funeral benefit in the present
Junior Order. This department is
said to be in rather strained
financial circumstances, and ,ias
not been able in the past two
years to meet death benefits
(Continued on page 4.)
iratory School
Master Of Famous School
In New England Has Expressed
Desire To Come
South With Boy's School
Wilmington Official Is Interested
In Securing The
School For The Lower
Cape Fear Section
Manager L. T. Moore, of the
Wilmington Chamber of Commerce
was recently contacted by
! the head of a large nautical
j school, now located in New England,
desires to sell out there
and come south, believing that
j here the general climate will be
j better for such a school and that
economic conditions will also perjmit
him to offer a lower rate of
I tuition to students than is possible
at his present location.
It was stated that the finanI
cial side was already well provided
for. A large training ship,
I capable of living quarters to
more than a hundred young feli?.""
win ho used for short local
j cruising, training and living quarters.
A fair sized house on shore
(t aSsd uiojj panunuoo)
Party Out Today
For Big Fellows
A party of 14 sportsmen from
Knoxville, Tenn., Williamston and
Wilmington are out on the Gulf
Stream today aboard the Silver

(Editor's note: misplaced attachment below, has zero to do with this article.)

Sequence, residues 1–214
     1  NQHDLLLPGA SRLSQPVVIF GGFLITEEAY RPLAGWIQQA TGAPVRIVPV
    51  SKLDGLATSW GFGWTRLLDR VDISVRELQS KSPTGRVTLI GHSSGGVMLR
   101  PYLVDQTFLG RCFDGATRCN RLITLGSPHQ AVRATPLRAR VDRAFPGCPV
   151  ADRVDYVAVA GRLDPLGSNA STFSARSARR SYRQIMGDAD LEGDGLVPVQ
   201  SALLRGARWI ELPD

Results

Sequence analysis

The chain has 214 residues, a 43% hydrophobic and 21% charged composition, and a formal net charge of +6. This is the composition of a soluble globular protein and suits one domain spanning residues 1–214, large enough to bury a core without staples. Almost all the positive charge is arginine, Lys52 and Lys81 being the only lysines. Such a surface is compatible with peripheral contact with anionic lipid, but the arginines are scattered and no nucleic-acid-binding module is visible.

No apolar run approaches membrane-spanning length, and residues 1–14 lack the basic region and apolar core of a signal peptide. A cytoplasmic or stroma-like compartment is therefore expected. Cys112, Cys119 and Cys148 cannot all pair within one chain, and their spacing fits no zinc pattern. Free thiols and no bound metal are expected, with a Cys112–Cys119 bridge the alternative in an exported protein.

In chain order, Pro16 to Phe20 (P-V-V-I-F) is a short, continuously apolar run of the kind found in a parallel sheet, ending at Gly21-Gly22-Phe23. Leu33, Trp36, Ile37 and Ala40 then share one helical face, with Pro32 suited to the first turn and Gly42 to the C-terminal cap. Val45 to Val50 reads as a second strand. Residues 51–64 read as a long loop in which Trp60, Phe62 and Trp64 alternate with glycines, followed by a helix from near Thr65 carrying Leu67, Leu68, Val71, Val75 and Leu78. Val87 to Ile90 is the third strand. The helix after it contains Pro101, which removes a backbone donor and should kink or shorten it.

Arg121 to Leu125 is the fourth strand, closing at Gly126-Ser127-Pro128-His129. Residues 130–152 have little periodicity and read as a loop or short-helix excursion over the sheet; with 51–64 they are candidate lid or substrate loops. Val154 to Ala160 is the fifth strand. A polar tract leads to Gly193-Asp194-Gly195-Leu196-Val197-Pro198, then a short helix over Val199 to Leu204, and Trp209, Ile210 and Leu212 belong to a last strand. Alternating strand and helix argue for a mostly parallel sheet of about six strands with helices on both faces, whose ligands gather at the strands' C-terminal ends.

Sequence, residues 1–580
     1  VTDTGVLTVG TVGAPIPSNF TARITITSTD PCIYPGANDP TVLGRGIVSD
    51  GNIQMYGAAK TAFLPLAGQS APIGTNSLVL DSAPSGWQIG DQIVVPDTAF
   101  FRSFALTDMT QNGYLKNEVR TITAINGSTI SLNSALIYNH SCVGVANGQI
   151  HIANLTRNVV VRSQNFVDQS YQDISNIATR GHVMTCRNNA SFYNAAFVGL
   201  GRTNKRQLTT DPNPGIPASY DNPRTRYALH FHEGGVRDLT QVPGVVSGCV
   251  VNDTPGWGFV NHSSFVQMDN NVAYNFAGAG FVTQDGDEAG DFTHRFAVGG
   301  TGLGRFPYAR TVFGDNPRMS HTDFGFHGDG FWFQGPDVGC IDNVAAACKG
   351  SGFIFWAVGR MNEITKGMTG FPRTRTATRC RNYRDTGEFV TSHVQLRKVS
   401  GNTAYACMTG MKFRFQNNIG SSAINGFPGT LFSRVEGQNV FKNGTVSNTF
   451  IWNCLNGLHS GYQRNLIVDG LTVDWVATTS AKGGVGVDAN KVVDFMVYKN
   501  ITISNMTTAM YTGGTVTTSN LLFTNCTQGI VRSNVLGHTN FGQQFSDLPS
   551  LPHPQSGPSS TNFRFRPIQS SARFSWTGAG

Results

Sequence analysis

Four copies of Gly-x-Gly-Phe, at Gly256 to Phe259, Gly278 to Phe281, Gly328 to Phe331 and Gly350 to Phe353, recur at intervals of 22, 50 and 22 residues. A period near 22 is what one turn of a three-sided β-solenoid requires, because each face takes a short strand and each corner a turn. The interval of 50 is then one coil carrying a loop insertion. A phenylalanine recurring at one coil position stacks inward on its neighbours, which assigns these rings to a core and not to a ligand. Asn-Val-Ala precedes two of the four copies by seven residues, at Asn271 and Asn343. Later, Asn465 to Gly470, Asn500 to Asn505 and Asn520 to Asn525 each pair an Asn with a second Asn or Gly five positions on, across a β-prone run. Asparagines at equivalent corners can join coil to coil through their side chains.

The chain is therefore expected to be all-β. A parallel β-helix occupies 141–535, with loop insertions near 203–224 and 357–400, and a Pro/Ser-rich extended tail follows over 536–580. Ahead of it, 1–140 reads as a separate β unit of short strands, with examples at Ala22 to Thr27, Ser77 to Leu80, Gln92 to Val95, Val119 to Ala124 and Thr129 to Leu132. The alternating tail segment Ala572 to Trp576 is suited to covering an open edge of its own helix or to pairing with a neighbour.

i Spray, of Wilmington, and the
|E. M. Lewis, of Southport.
This party is better equipped
\ than those which have preceded
it on big game fishing expeditions
to the Gulf Stream this
year. In addition, their boats
are not so crowded as on previous
xients Will
te, New Uniforms
Need New Suits.
Although the boys have been
a distinct credit and a great advertising
asset to the town as a
result of their splendid playing
ability, they have, heretofore, appeared
on the court in uniforms
that were far from proposing.
They played in whatever they
had, and sometimes it was little
more than a bathing suit.
This year, awaiting the beginning
of active playing, the first
step on the part of the team ar.d
its friends will be to see that it
is properly outfitted. The boys
must have warm-up shirts and
pants and regular playing suits.
Such outfits are expected to total
about $65.00, and towards this
each member of the team is
contributing $5.00. The balance
must come from friends of the
team, and it is suggested by
the Southport Civic Club that
contributions towards the purchase
of these suits are in order
from Southport citizens. They
may be made directly to the
team's treasurer, Robert Thompson.
t; . . '
- ^
The Pilot Covers
Brunswick County
r $1.50 PER YEAR
Shrimpers Have
Best Catch Of
Season Tuesday
Refrigerator Trucks Bearing
240 Boxes Of Shrimp
Pulled Out Of Southport
j Tuesday Night And Wednesday
Fleet That Will Work For
Ben Gray Is Expected To
Arrive Here In Full
Force Early This
Two hundred and seventy 100
pound boxes of shrimp rolled out J
' of Southport Tuesday night and
j early Wednesday morning In J
trucks bound for New York and
Baltimore. t
This catch was the best of the J
year, but exceeded Monday's pro[
duction only slightly. Twenty or
more boats did not go out Tuesday,
and those that did go had ,
a tough time of it from the seas
kicked up by a stiff northeast , y
gale. Better weather should see